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United States v. Kelly

decided: May 31, 1983.

UNITED STATES OF AMERICA APPELLANT
v.
KELLY, MICHAEL APPELLEE IN NO. 81-1539; UNITED STATES OF AMERICA APPELLANT V. KELLY, STEPHEN APPELLEE IN NO. 82-1541



APPEAL FROM THE UNITED STATES DISTRICT COURT FOR THE EASTERN DISTRICT OF PENNSYLVANIA

Gibbons, Hunter, and Rosenn, Circuit Judges. Gibbons, Circuit Judge, dissenting.

Author: Hunter

Opinion OF THE COURT

HUNTER, Circuit Judge:

1. The United States appeals from two pre-trial orders entered by the United States District Court for the Eastern District of Pennsylvania suppressing evidence in the federal criminal prosecutions of Stephen Kelly and Michael Kelly. The government had planned to introduce three tape-recorded phone conversations between the Kellys and Edward Bencsik involving an alleged deal to buy phenyl-2-propanone. The district court suppressed the tape recordings and their transcripts because it found that Bencsik had not voluntarily consented to the monitoring of the phone conversations. We will reverse.

I

Facts

2. In January of 1982, Edward Bencsik was living in Bensalem Township, Pennsylvania at the apartment of a friend, Charles Clarkson. The government contends that on the evening of January 1, 1982, Stephen and Michael Kelly went to Bencsik's apartment and forced Bencsik at gunpoint to turn over the car keys to a 1969 Plymouth GTX which was parked in his driveway.*fn1 The Kellys allegedly took the car as security for $2000 that Michael Kelly had advanced Bencsik in a drug deal. The next evening Bencsik told Clarkson that the car had been taken by the Kellys as collateral for the $2000. Clarkson, concerned over the disappearance of the car, insisted on telephoning the police to report that it had been stolen. A Bensalem Township police officer arrived at Clarkson's apartment and, while Bencsik waited outside, Clarkson presented to the investigating officer an outline of Bencsik's dealings with the Kellys in hypothetical terms. After the officer left, Clarkson brought Bencsik back into the apartment and suggested to him that he should cooperate with the police.

3. A short time later the officer returned, accompanied by Bensalem Township Police Chief Richard Viola. Viola discussed with Bencsik his actual dealings with the Kellys and asked him if he would be willing to phone the Kellys to verify what had happened. Bencsik agreed. During that discussion Clarkson brought up that Bencsik had a pending criminal charge in Bucks County, Pennsylvania, and asked Viola if he could assist Bencsik in resolving it. Viola was non-committal but said that he would look into the matter.

4. The same evening Viola contacted DEA Special Agent Richard Compton who Viola knew was involved in an active investigation of Stephen Kelly. Viola and Compton agreed to meet with Bencsik at Viola's apartment to record Bencsik's phone call. When Compton arrived he spoke with Bencsik about the investigation and told him that he wanted to record a conversation between Bencsik and either Stephen or Michael Kelly. Compton suggested certain topics that Bencsik could mention in the phone call but did not specify what Bencsik should say. He also explained that he needed Bencsik's consent to tape-record the call. Bencsik agreed to the recording and the monitoring of the call. Compton dialed the Kellys' number, and Bencsik spoke with Stephen Kelly for several minutes. Compton listened to and recorded that conversation.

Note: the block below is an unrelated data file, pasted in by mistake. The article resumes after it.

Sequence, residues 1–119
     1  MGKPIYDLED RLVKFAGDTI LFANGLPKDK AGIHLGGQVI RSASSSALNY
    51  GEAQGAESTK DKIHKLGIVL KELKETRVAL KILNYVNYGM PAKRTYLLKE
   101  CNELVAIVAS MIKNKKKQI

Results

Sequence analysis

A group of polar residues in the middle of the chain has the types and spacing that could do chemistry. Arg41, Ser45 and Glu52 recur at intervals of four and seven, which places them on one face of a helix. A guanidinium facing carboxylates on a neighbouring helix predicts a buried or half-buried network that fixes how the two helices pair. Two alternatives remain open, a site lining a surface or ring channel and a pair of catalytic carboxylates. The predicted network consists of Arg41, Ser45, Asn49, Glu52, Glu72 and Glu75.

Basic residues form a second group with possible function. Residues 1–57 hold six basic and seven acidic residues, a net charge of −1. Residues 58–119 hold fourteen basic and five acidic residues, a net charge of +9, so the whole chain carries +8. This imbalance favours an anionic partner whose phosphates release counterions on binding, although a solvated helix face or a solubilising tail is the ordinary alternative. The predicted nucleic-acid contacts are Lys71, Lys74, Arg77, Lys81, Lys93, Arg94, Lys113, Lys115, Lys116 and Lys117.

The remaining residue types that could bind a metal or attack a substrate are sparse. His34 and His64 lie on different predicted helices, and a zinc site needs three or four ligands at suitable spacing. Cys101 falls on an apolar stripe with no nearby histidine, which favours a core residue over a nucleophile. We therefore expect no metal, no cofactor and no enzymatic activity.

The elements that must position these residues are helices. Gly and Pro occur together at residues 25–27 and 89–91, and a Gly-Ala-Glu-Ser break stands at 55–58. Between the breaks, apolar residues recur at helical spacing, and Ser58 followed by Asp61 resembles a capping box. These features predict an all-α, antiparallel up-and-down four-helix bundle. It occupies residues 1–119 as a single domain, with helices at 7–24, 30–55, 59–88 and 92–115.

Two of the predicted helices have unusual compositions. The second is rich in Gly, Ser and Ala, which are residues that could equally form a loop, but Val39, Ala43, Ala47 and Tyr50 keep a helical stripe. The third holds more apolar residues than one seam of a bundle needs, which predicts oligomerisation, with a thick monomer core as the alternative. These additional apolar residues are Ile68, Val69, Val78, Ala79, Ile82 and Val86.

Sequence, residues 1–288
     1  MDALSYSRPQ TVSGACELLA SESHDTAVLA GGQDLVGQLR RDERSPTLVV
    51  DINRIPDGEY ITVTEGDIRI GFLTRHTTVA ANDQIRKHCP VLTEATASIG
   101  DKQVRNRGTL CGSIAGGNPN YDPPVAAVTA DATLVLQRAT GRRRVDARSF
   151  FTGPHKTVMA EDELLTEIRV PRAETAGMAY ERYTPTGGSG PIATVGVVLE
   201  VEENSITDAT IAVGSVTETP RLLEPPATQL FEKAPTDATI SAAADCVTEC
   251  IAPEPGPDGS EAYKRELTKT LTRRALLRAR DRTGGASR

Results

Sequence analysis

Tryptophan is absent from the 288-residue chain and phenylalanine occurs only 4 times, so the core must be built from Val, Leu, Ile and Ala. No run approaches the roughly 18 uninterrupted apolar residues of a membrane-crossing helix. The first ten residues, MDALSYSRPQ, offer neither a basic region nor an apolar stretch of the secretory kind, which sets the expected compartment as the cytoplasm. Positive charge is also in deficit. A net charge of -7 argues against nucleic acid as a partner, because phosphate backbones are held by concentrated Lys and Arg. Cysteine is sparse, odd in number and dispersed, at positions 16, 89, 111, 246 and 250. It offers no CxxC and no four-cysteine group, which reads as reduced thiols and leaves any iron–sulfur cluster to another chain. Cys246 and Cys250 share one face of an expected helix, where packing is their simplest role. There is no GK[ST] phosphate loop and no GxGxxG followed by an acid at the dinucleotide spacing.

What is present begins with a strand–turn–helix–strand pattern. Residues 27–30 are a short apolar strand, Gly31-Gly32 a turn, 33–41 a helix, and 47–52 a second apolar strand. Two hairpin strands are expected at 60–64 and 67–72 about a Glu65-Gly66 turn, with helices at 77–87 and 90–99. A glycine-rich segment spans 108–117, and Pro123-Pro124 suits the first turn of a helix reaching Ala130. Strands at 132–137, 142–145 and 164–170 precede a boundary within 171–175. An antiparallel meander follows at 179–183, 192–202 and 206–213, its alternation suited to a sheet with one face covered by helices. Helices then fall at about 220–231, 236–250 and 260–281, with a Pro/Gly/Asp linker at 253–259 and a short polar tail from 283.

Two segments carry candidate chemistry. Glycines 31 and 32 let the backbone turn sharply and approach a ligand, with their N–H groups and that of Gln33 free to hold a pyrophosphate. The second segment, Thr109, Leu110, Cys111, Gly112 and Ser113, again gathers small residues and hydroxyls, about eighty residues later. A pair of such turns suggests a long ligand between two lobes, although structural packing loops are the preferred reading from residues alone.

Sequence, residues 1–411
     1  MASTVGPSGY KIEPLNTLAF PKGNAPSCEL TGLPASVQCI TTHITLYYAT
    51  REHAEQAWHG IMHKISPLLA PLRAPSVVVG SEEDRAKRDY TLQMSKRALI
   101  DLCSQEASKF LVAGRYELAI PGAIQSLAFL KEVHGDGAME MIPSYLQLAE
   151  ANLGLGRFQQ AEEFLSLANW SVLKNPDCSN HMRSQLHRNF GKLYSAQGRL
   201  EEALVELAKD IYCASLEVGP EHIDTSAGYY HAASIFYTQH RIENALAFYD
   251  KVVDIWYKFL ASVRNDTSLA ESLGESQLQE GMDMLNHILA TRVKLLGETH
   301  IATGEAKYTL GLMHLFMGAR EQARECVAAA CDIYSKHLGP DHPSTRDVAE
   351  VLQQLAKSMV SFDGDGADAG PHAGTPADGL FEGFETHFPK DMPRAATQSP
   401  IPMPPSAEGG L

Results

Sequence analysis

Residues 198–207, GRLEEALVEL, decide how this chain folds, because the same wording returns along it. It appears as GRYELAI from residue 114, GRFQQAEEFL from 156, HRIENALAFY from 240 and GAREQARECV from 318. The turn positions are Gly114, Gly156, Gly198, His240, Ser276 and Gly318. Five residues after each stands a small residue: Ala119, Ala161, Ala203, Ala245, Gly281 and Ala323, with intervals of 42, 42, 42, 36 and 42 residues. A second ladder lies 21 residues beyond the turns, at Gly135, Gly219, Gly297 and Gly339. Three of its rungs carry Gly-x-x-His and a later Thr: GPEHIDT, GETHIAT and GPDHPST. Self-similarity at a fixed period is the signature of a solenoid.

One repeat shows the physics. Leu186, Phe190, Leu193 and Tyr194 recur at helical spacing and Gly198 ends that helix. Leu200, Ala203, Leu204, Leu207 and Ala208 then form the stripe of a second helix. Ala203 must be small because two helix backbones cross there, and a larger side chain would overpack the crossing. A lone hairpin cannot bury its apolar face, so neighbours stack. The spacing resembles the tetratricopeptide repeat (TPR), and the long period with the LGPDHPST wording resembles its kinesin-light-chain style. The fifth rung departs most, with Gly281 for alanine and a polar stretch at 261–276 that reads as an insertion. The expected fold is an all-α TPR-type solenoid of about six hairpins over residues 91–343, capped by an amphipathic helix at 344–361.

5. On the morning of January 4, 1982, Bencsik went to the Bensalem Township Police Department and was fitted with a body recorder. Shortly after noon he returned to Clarkson's apartment where he met with Clarkson, Compton, and Viola. Compton asked Bencsik if he could monitor another call between Bencsik and the Kellys. Bencsik agreed. Bencsik called the Kellys, and Compton recorded a conversation between Bencsik and Michael Kelly. Later that afternoon Compton asked Bencsik to make another call. Bencsik again agreed, and Compton recorded a second conversation between Bencsik and Michael Kelly. Both Kellys were arrested later that day.*fn2

6. Bencsik testified that between January 2 and January 4 he probably used either marijuana or methamphetamine. Although he could not remember exactly what drugs he might have taken, Bencsik described himself as a fairly regular user of methamphetamine, Demerols, and marijuana during that time period. Bencsik stated, however, that the drugs did not impair his ability to reason and think and that his usage was "not to an extent [that] I wasn't in touch with reality." App. at 176A-77A.

7. On the evening of January 6, Bencsik again met with Clarkson, Compton, and Viola. The subject of Bencsik's possible relocation to ensure his personal safety came up as well as Clarkson's concern over being paid for the car. The following day Compton gave Bencsik $1000 in cash from DEA funds. Bencsik paid Clarkson $700 to cover the balance owed on the car and kept the remainder for relocation expenses. At no time prior to the making of the tape-recorded conversations did ...


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